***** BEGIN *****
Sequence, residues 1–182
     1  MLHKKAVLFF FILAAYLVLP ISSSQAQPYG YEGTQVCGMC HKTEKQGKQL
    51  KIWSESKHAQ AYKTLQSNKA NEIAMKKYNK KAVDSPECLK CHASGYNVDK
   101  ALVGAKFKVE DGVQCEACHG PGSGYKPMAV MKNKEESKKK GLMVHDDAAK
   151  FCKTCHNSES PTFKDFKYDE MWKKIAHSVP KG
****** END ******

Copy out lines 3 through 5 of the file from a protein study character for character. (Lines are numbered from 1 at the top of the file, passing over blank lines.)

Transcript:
    51  KIWSESKHAQ AYKTLQSNKA NEIAMKKYNK KAVDSPECLK CHASGYNVDK
   101  ALVGAKFKVE DGVQCEACHG PGSGYKPMAV MKNKEESKKK GLMVHDDAAK
   151  FCKTCHNSES PTFKDFKYDE MWKKIAHSVP KG